I’ll let you know in a few hours. The suspense is killing us. I might just add a chopped-up chili.
      Whipper snippers ought to be banned or put under the chaplaincy care program. I do hope the program will continue to install some honesty amongst politicians. Abbott is catholic as well, amazing.

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  4. Lottie Nevin Says:

    I quite like the sound of a lone lawn-mower in the distance, it reminds me of summer and childhood. I agree with you about the leaf-blowers, there is something phallic about them. I had something similar strapped on to me when I helped out with the olive harvest – one of my jobs was to ‘blow’ the fallen olives in to heaps underneath the trees. I was deaf by the end of the day and felt sick from the smell of petrol, What a wuss I am!!๐Ÿ˜€

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    • gerard oosterman Says:

      I don’t know if lawn-mowers feature kindly in my childhood. Dad used to go red and almost speechless with rage trying to start the mower up. The quality of a week-end depended vey much on the Victa lawnmower getting started.
      The tenacious Australian flies would crawl all over Dad’s face while he was pulling and pulling the chord. He finally had enough and chased a fly running around the garden totally besides himself. He held a screwriver at the ready to stab the offending fly. Poor dad. It was all so hard.
      What an experience blowing olives in heaps. Do you have flies in Spain.
      I’ve heard of Spanish fly. You’re a brave woman Lottie, not scared to tackle anything, even olive blowers..

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  5. rod Says:

    I could not agree with you more regarding leaf blowers. They are totally pointless, cost natural resources to make, more natural resources to run, and are incredibly noisy. Someone bought me one for Christmass one year, but I soon got rid of it.

    I feel the same about dish washers. In our house, I am the dishwasher.

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  6. gerard oosterman Says:

    They blow leaves onto the neighbours footpath or into the kerb, and then what? What is it that people resent about leaves? I wish there was a Poli- blower to blow politicians into a kerb or down the drain. Would they actually decay or make a good compost?

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  7. berlioz1935 Says:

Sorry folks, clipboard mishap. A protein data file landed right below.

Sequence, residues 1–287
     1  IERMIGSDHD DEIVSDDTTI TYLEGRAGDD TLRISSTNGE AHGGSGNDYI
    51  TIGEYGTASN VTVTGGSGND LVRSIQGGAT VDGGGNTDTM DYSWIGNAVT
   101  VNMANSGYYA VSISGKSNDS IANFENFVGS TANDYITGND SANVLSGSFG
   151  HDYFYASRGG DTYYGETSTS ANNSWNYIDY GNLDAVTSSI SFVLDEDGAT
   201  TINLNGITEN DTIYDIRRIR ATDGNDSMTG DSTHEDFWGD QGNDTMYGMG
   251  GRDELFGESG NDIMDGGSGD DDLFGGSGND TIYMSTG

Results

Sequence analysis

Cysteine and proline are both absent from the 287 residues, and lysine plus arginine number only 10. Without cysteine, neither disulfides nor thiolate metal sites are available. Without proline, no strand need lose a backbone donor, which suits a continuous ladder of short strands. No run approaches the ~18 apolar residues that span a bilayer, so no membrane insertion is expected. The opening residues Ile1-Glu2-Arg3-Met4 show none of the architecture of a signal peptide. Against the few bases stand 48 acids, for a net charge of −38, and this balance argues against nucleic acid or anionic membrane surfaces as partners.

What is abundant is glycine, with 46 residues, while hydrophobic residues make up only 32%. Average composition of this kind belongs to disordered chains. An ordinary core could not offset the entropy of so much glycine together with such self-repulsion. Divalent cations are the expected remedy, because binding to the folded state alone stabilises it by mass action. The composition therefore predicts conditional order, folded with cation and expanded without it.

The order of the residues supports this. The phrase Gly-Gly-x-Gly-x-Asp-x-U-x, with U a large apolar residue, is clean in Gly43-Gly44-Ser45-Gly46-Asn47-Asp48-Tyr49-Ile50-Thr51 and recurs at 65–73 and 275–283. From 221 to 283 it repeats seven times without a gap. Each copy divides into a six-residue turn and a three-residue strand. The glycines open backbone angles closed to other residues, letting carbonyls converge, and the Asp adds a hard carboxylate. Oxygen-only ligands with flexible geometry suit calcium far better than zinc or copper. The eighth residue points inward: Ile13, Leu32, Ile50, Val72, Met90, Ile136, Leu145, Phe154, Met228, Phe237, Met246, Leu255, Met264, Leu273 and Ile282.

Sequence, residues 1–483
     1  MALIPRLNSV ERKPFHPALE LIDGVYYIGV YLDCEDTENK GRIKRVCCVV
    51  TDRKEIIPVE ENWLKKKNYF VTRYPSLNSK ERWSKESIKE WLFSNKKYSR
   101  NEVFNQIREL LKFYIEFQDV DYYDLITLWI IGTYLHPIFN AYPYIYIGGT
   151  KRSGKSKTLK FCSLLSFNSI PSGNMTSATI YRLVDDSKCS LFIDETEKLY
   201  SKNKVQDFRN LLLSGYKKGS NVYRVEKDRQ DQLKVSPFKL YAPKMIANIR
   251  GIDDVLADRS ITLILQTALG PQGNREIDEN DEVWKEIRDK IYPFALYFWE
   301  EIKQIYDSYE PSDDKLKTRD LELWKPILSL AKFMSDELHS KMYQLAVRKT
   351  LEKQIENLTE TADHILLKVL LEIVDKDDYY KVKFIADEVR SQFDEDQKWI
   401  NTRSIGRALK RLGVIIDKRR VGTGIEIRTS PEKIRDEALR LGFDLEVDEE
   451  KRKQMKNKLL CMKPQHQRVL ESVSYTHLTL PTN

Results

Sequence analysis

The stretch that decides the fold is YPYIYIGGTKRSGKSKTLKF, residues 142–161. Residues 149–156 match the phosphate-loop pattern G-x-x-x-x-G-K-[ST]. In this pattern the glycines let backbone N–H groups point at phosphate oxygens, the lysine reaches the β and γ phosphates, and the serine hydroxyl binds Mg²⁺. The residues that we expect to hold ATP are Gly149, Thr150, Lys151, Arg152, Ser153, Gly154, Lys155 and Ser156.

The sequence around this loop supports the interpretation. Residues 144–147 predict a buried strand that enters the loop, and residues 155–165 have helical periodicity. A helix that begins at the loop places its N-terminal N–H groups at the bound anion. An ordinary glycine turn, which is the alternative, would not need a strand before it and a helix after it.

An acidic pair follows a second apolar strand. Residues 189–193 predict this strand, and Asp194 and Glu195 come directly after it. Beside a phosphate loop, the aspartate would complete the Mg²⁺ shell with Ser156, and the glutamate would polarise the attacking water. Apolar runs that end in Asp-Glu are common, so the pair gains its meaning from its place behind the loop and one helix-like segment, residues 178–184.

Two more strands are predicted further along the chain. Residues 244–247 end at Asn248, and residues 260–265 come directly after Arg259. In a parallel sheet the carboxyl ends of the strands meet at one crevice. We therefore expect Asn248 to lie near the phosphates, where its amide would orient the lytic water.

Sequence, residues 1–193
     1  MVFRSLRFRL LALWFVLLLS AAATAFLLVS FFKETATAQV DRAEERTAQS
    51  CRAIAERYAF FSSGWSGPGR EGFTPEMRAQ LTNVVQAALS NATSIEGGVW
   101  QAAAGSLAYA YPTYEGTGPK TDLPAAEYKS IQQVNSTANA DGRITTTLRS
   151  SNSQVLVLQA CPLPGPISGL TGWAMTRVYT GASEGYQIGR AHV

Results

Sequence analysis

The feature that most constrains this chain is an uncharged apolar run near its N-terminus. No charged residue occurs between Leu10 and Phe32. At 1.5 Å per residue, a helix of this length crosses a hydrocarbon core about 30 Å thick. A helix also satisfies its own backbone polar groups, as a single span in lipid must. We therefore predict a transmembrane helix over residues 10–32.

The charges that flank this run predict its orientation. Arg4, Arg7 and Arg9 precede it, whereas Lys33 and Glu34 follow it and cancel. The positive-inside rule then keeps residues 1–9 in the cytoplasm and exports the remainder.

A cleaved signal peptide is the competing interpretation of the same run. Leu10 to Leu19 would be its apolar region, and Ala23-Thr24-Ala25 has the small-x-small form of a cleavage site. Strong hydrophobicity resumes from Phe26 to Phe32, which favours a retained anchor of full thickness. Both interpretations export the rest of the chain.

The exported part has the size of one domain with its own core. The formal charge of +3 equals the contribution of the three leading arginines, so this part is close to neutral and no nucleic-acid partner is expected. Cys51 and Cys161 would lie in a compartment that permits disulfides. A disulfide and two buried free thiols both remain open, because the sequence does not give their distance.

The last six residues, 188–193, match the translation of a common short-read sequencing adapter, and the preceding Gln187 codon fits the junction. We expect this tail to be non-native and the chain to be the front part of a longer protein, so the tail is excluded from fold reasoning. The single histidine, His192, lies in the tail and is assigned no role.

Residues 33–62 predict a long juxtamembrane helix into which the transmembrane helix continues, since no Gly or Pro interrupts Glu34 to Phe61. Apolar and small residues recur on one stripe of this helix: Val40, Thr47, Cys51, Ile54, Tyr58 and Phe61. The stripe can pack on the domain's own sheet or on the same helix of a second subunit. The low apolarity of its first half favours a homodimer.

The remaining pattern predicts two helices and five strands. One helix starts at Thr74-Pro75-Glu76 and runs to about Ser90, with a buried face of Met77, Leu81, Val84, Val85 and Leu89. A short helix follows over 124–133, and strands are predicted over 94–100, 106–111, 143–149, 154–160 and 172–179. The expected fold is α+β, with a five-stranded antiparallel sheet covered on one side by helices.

I like the images you create. Noise is terrible, especially made by people attacking nature.

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    • gerard oosterman Says:

      Why doesn’t an inventor invent a remote so that noisy garden machinery can be silenced? We now get a few months of respite when grass stops growing. Soon at the first spring, the mowers and snippers will announce themselves once again.
      It used to be the swallow that was the first harbinger of spring..

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  8. Carrie Rubin Says:

    Sounds like that might be the last time that tree acts up. If he knows what’s good for him, anyway…๐Ÿ˜‰

    Nothing disrupts my evening walk more than the deafening sound of a leaf-blower. Certainly does a good job of shattering the calm!

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    • gerard oosterman Says:

      The tree, after asking forgiveness, is now full of remorse and promises. It has been given respite and takes it a day at a time.
      I noticed our JRT ‘Milo’ cocking his leg against it several times while looking up, as if to say; ‘cop this, and stop wingeing!’.
      We all have to pull our weight and will be lucky to get out alive.

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  9. Patti Kuche Says:

    So no-one enjoys the blissful contemplation and solitude of raking the leaves anymore?

    Like

  10. hilarycustancegreen Says:

    Aaargh the leaf blower! Someone told me it was banned in some countries. I wish I had you pile of wood chips, though.